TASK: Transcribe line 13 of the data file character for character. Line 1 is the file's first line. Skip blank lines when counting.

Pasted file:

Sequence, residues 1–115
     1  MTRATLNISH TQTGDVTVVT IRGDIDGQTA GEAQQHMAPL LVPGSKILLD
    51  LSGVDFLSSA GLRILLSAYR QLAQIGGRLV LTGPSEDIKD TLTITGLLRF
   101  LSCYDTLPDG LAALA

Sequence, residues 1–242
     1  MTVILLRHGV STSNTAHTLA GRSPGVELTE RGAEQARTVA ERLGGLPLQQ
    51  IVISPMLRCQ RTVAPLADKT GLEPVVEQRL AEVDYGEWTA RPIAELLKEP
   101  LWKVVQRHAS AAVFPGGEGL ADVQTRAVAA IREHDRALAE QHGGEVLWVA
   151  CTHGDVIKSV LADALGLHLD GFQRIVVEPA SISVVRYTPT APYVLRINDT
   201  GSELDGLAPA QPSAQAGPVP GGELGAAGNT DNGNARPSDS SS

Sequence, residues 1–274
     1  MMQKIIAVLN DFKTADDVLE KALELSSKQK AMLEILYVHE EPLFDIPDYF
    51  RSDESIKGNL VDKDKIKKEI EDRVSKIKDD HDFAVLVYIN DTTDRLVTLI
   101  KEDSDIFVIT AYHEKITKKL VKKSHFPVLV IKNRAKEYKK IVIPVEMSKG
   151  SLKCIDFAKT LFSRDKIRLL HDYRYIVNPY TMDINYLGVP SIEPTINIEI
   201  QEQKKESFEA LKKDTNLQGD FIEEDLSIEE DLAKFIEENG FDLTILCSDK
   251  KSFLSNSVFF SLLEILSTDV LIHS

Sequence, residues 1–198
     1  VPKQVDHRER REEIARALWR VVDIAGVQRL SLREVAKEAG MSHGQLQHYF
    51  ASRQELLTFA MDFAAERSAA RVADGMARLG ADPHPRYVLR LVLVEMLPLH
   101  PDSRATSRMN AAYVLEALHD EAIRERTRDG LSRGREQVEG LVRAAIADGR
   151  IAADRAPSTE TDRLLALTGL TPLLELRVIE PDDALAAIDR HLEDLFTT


    51  RSDESIKGNL VDKDKIKKEI EDRVSKIKDD HDFAVLVYIN DTTDRLVTLI